Silverfish are nocturnal, elongated and flattened insects typically 0.51–0.98 inches long. Their abdomen tapers at the end, giving them a fish-like appearance. The newly hatched are whitish, but develop a greyish hue and metallic shine as they get older. They have three long cerci at the tips of their abdomens, one off the end of their body, one facing left, and one facing right. They also have two small compound eyes.
Silverfish completely lack wings. They have long antennae, and move in a wiggling motion that resembles the movement of a fish. This, coupled with their silver-scales and fish-like appearance, influences their common name. Silverfish typically live for two to eight years.
Silverfish are a species, found in Africa, North America, Europe, Australia, Asia and other parts of the Pacific. They inhabit moist areas, requiring a relative humidity between 75% and 95%. In urban areas, they can be found in basements, bathrooms, garages, closets, and attics.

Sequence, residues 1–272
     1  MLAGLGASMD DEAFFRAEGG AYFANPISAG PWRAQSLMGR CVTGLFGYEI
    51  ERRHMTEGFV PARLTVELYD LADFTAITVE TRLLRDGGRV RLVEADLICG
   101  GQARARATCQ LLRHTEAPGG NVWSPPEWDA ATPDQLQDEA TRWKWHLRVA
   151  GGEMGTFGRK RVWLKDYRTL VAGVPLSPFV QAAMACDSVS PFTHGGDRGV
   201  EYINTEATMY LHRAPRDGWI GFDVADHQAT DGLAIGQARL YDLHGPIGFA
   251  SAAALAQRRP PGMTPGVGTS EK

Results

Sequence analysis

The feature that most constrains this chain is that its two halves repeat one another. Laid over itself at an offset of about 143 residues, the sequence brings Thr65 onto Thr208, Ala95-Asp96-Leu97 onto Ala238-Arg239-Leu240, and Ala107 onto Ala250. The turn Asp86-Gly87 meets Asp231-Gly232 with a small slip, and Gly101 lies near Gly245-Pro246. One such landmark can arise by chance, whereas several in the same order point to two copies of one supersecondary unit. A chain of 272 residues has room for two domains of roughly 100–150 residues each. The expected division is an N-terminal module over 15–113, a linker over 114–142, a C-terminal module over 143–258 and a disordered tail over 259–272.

The female lays groups of less than sixty eggs at once, deposited in small crevices. The eggs are oval-shaped, whitish, about 0.8 millimetres (0.031 in) long, and take between two weeks and two months to hatch. Silverfish usually lay fewer than one hundred eggs in their lifetime.
When the nymphs hatch, they are whitish in colour, and look like smaller adults. As they moult, young silverfish develop a greyish appearance and a metallic shine, eventually becoming adults after three months to three years. They may go through seventeen to sixty-six moults in their lifetime, sometimes thirty in a single year, which is much more than usual for an insect. Silverfish are among the few types of insect that continue to moult after reaching adulthood.
The lifespan of a silverfish varies from two to eight years.
Silverfish consume matter that contains starches and adhesives. These include glue, book bindings, plaster, some paints, paper, photos, sugar, coffee, hair, carpet, clothing and dandruff. Other substances that may be eaten include cotton, linen, silk, synthetic fibres and dead insects or even its own moulted exoskeleton. During famine, a silverfish may even attack leatherware and synthetic fabrics. Silverfish can live for a year or more without eating.
Silverfish are considered a household pest, due to their consumption and destruction of property. Although they are responsible for the contamination of food and other types of damage, they do not transmit disease.
Earwigs, house centipedes and spiders are known to be predators of silverfish.